Most important I think for business practices is about the recruitment process. The biggest challenge to young people in applying for jobs is getting feedback on why they haven’t been successful to help them improve. I experienced this as a ‘skilled porfessional’ and I’m quite wisened to the world (hush), and to hear that young people aren’t offered such valuable information is just baffling.

The piece from Ann was intersting about what’s happening at Telefonica. There are technical skills they know they will need. For those, they can plan effectively. However, emerging technology means can’t predict skills for the future. Some years back you would never have considered that you need a full time social media manager or communities manager to manage online conversations. I’ve heard the term digital natives before, and this is about the mindset people need to have. It’s a transformation of hiring for attitude in this respect.

They’ve got some interesting initiatives such as “Think Big Learning”, bringing in young people to play with technology and build their confidence. A key insight they found was that young people have skills in abundance in technology which is hidden and they don’t recognise it. This presents them with the opprtunity to get involved, discover those abilities and unleash them.

Toby from Siemens gave some great insights into cross-culturual perspectives. Apprenticeships in the UK are not as pervasive as they are in Germany. he expalined how the apprentice schemes are both very well delivered and produce great talent, but the problem is the numbers of people entering the schemes. This seems such a shame.

Probably the most interesting thing that Siemens have done is to do a mega trends study. This showed the big things to be concerned about in the future will be the energy crisis, mega cities, and changing demographics. Based on this they have decided to change what markets they continue to operate in. For example, they now have stopped being in the mobile phone market. Another thing this helped them to realise was where they were going to focus their recruitment, and thereby what their future requirements will be.

Further to the mega trends study, Siemens are taking skills shortage seriously by introducing own vocational schools tied to production plants. Through this the workforce gain access to experience work, and study the skills they need. To my mind, many of the big companies in London Town should be doing the same. By creating partnerships with local colleges and the likes, there is no reason they can’t get over the skills shortage if they’re a core part of the solution.

Jo Swinson helped raise some perspectives frm government such as:
– status of apprenticeships needs to be given more importance. University route isn’t for everyone, must consider vocational qualifications.
– new forms of communication present challenges to old ways of working. The digital evolution creates challenges for those not adapting to new technologies.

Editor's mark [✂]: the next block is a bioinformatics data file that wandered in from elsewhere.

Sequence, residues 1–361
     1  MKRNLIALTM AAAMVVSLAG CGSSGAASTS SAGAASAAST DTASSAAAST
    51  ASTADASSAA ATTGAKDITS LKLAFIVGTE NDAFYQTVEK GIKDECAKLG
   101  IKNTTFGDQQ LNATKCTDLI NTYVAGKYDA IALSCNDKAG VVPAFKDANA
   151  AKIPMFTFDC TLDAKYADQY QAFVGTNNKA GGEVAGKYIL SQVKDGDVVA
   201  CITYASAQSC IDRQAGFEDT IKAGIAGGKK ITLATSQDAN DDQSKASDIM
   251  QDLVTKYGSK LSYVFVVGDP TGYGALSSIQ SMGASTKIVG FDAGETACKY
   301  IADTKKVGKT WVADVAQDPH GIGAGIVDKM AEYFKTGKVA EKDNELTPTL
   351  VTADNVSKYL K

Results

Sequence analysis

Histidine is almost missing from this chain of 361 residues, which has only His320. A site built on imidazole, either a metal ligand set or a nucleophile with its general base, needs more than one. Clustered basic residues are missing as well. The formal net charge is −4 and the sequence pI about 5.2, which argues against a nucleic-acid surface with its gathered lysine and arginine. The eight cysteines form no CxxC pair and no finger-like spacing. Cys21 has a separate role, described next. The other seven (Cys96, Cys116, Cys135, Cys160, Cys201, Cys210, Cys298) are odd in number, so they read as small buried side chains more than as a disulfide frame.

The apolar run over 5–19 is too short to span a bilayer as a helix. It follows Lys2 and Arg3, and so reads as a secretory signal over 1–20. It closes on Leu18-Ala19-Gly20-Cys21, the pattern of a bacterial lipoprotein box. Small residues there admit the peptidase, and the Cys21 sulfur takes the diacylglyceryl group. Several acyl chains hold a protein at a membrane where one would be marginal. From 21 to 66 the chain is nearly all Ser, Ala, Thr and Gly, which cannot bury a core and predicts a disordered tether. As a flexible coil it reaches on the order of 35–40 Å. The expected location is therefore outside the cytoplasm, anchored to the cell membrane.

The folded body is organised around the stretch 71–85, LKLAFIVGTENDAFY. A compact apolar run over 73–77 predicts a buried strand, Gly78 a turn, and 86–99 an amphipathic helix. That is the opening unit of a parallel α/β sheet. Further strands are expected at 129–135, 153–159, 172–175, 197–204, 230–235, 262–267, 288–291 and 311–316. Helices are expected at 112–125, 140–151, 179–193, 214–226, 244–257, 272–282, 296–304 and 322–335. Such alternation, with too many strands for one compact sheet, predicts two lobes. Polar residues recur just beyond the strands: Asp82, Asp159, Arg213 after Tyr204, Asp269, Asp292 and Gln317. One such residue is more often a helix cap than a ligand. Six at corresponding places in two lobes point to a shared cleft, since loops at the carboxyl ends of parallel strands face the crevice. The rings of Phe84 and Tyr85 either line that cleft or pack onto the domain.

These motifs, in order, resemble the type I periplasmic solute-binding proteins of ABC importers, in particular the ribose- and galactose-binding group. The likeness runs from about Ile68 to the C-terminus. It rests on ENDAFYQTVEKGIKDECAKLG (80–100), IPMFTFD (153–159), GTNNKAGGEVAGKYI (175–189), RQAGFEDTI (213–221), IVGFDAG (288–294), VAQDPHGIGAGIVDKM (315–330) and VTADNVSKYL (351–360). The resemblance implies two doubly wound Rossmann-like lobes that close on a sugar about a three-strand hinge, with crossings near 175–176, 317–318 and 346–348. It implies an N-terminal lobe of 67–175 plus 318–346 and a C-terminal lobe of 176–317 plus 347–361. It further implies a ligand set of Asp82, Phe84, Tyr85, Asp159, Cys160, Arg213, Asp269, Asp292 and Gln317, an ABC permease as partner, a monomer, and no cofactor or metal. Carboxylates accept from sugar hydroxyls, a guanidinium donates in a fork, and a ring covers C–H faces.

– talking about presenteeism, and need to develop thinking on flexible working and the technologies available to enable this.
– results showing engaged workforces take less sick days and are better advocates of their employers.

All in, this was a useful session offering some useful insights into what’s happening now, and where we need to be looking next.

Making the Case for Learning and Development Investment

This first session is being presented by Kadisha Lewis-Roberts from Mitchells and Butlers (restaurants and food pub owners) and Ann Rivera of Trident Housing Association.

Kadisha helps to provide a way of starting to understand ghe business by doing a ‘scan the internal environment’. This means:
– keep your finger on the organisational pulse
– meet up with newbies
– develop a sixth sense
– be a data gatherer

Following from this she says we should also scan the external environment by:
– know what’s going on
– find out what your competitors are doing
– build your social capital
– develop yourself

She goes on to describe how to be the missing link between the organisation’s goals and what L&D/OD can deliver. This is done by connecting the two priorities together. I like the next piece about getting the biggest bang, where Kadisha talks about understanding which programmes are the ones bringing actual business value, and which need to be dropped.

Interestingly, this presentation has been more about how to be a good L&Der and very little on how to make the case for investment. In my mind, these activities create the foundation on which you build the data needed to form a business case. What hasn’t been clear is how to make that business case in order to influence the board to provide investment.

Ann talks about how when measuring ROI they measure social impact not financial impact. As a social housing group, I can see how this makes sense. She talks about how they make it clear in their organisation that they are learning everyday due to the regular changes and challenges they face. That’s the key to being a learning organisation, and I agree with that.